Holistic support system from early childhood to vocational training
- Learn for Life
- DRRA - Disabled Rehabilitation and Research Association
- Country of Implementation
- Asia & Pacific
- South Asia
- 18 districts
- Start Year
- First published
“The initiatives were my own, the wish to go on was my decision. My family had a positive attitude towards my journey, and the DRRA has always been beside me. That is why I am now stable and independent.” Sondha Rani Sarker, Learn for Life beneficiary
The Disabled Rehabilitation & Research Association (DRRA) is one of the largest non-profit development organizations working in the field of disabilities in Bangladesh, operating in 25 districts. The ‘Learn for Life’ programme started in 1998 and offers a holistic model for supporting children with a variety of disabilities to achieve more in school. The programme provides learning materials, assistive materials, financial support, and training for teachers, and has supported around 8,000 children in furthering their education.
Disability law is in place to support inclusive schooling in Bangladesh, but this does not always mean schools are sufficiently set up to provide an inclusive learning experience.
Solution, Innovation and Impact
Learn for Life provides a range of support mechanisms to allow children with disabilities, including intellectual disabilities and cerebral palsy, to advance in the education system. The project supports young people at all stages of schooling, from early childhood intervention starting at age three to supporting inclusion in vocational training up to 25 years. For school-aged children, DRRA provides supplementary learning materials, assistive technology, and financial support, along with support for teachers, parents, and therapists. The programme works with a range of stakeholders, including local disabled person’s organizations (DPOs), parent groups, and the government, to embed the methods within the schools and the wider community. Local DPOs then assume leadership of the programme and continue the work of DRRA after its support is phased out. The programme started by supporting 20 schools in one district of Bangladesh between 1998 and 2012. As of 2018, Learn for Life has embedded methods in 120 primary schools and 12 special schools in 19 districts.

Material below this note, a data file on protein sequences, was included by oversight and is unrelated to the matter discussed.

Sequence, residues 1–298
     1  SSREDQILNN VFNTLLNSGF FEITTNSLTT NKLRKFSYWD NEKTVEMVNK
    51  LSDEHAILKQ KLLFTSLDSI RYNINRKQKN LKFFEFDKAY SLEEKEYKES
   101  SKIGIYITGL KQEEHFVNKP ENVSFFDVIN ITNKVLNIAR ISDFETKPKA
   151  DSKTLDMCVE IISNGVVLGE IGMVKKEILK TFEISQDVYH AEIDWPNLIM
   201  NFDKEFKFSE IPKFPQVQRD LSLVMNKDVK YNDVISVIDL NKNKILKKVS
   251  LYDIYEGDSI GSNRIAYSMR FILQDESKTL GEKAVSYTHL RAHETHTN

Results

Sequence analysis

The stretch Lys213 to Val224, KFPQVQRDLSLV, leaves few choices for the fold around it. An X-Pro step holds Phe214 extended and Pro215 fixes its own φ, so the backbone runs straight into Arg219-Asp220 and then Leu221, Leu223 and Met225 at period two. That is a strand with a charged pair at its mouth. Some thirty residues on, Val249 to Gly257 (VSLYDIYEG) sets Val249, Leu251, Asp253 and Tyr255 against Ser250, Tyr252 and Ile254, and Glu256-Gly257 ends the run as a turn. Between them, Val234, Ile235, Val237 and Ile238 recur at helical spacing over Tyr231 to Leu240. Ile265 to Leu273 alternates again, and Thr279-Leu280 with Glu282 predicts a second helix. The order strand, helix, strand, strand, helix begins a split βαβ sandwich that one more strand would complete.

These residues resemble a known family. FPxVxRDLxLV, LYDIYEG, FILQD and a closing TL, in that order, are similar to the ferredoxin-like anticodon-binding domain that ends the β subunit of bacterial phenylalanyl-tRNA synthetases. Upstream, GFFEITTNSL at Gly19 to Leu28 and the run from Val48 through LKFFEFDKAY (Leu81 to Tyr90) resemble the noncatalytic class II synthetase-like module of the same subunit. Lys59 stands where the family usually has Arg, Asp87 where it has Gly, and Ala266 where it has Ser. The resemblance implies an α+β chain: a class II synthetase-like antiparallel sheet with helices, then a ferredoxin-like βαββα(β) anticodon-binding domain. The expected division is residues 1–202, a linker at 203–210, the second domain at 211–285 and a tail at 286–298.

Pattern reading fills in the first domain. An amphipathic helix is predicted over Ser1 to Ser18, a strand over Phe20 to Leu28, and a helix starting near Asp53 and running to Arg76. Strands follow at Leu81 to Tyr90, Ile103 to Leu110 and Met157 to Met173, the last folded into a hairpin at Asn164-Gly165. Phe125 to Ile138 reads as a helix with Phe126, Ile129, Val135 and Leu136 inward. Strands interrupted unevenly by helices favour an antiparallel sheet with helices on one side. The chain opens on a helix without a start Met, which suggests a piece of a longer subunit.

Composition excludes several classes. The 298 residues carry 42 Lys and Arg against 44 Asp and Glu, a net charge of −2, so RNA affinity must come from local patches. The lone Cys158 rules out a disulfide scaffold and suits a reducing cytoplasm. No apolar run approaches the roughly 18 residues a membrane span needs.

Funding, Outlook and Transferability
As of 2019, project costs are approximately €250,000 per year with 90 per cent coming from three international donors Liliane Fonds, CBM and Niketan and 10 per cent through corporate and community funding. The practice has already proven its replicability within Bangladesh, while elements of the model have also been implemented in India. DRRA is planning to make the resources to replicate this practice available online through e-learning for interested DPOs and parent associations in disability-inclusive formats. DRRA additionally aims to assist in the coordination of Inclusive Education among the country’s various ministries.
THE STORY OF FARHAD, A STUDENT SUPPORTED BY DRRA
“Now many young people with disabilities get a government scholarship because of our advocacy.”
I am currently working with young people in an organization for people with disabilities while also finishing my final year of courses for a B.A. degree, but the journey has not been simple. At the age of 8 my parents realized that I have cerebral palsy and so I am dependent from a wheelchair in my whole life. I even had difficulty holding my pen. At first, my parents tried to admit me at a private school, but they failed because the other parents didn’t want me there. After a year, I was admitted to a pre-primary school run by the Disabled Rehabilitation & Research Association (DRRA), and from there I got the chance to go to a public primary school. Because of the advocacy of DRRA, the school authorities provided me with an accessible toilet and arranged extra time for me to take exams according to my needs. Now I am in the last year of my B.A. degree, but it would not have been possible without the support of the DRRA. I receive five euro monthly as an education stipend from the government, but my need is about 40 euro. DRRA employs me part time to cover the difference, and based on my work experience, I founded SNUS, an organization for people with disabilities in the city of Satkhira. We currently work with 90 youth and are an inspiration for all children with disabilities. Now many get a government scholarship because of our advocacy.